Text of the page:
York Professor Takes Students on Research Mission to Haiti

Dr. Mark Schuller, an assistant professor of African American Studies and Anthropology in the Department of Social Sciences at York College, took a group of students to the earthquake-devastated island of Haiti for a fact finding mission a year and a half after the January 2010 disaster.
York Professor Takes Students on Research Mission to Haiti

L to R (standing) Adlin Noël, Sabine Bernard, Sandy Nelzy, Tracey Ulcena, colleague at other school L to R (sitting) Driver / guardian Maxony Jean-Louis, Stephanie Semé

Professor Schuller, who chairs the Society for Applied Anthropology’s Human Rights and Social Justice Committee, led a team of five Haitian American students from York: Sabine Bernard (’11, African American Studies and Anthropology), Sandy Nelzy (’12, Nursing), Adlin Noël (’13, Physicians Assistant Program), Stephanie Semé (’12, Psychology), and Tracey Ulcena (’12, African American Studies and Psychology); and eight students from the State University of Haiti.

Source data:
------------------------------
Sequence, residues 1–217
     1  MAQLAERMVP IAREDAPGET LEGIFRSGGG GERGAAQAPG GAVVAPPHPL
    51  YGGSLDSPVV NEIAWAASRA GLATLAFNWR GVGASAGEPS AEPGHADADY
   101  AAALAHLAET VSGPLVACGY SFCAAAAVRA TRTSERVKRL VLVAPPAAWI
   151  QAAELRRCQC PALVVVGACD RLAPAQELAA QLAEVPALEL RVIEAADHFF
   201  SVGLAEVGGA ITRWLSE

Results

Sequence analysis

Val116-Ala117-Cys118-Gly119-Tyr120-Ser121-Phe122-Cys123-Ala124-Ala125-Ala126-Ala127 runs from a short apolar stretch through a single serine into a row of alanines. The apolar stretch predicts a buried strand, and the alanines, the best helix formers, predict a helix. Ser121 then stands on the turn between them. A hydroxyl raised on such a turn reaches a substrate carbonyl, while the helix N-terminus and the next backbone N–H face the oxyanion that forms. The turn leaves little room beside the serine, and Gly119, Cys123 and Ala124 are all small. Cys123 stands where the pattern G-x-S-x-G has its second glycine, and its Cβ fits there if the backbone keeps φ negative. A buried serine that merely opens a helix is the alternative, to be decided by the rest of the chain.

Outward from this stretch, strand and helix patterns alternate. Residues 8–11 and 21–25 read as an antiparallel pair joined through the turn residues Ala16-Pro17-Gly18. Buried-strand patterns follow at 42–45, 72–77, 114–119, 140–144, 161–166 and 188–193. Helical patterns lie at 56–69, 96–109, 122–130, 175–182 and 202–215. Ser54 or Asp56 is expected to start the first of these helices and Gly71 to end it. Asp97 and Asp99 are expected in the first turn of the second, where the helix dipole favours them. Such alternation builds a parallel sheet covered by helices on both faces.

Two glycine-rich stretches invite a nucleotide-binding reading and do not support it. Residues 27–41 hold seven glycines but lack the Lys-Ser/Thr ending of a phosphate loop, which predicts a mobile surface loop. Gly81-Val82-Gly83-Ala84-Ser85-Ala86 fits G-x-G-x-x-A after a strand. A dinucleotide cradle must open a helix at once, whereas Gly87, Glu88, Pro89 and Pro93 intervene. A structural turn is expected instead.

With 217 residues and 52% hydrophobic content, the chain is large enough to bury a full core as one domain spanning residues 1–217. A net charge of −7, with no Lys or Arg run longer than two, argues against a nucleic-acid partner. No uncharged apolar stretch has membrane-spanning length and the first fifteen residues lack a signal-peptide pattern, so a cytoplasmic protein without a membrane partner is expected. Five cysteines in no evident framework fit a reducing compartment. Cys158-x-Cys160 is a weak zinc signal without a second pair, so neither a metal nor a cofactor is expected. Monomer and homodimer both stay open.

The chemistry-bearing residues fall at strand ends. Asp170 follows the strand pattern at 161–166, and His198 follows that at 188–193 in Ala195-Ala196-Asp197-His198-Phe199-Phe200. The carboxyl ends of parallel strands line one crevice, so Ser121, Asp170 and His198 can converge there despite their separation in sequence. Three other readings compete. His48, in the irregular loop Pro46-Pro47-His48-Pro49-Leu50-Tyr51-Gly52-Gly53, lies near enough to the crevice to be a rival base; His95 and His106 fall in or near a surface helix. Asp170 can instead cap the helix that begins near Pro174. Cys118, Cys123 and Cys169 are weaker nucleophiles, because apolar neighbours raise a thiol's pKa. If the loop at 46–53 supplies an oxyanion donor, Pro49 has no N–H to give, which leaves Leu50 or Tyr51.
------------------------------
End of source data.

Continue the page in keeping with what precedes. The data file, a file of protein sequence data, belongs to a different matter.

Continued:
Each student team conducted five weeks of research in an Internally Displaced Persons (IDP) camp, chosen around the Port-au-Prince metropolitan area, comparing camps with or without official (Non-Government Organization (NGO) management agencies. Research included 800 household surveys with 56 questions, 80 recorded interviews with individuals, direct observation, and focus group interviews, complemented with interviews with camp committee, NGO, and international agencies. Questions ranged from changes within families’ livelihood strategies, their living arrangements and ties to communities; participation and awareness of formal aid; intentions to stay or leave; continued challenges preventing people from leaving the camps; and their assessment of NGOs, the Haitian government, and the U.N. troops.